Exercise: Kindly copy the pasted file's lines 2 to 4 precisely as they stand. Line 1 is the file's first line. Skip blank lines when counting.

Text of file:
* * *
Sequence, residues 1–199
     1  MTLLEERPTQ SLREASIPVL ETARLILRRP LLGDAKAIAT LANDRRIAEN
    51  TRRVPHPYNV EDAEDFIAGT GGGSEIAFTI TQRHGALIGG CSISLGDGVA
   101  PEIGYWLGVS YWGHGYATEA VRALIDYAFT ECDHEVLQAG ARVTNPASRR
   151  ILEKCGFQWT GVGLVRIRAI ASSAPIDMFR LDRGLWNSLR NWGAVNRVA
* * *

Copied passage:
     1  MTLLEERPTQ SLREASIPVL ETARLILRRP LLGDAKAIAT LANDRRIAEN
    51  TRRVPHPYNV EDAEDFIAGT GGGSEIAFTI TQRHGALIGG CSISLGDGVA
   101  PEIGYWLGVS YWGHGYATEA VRALIDYAFT ECDHEVLQAG ARVTNPASRR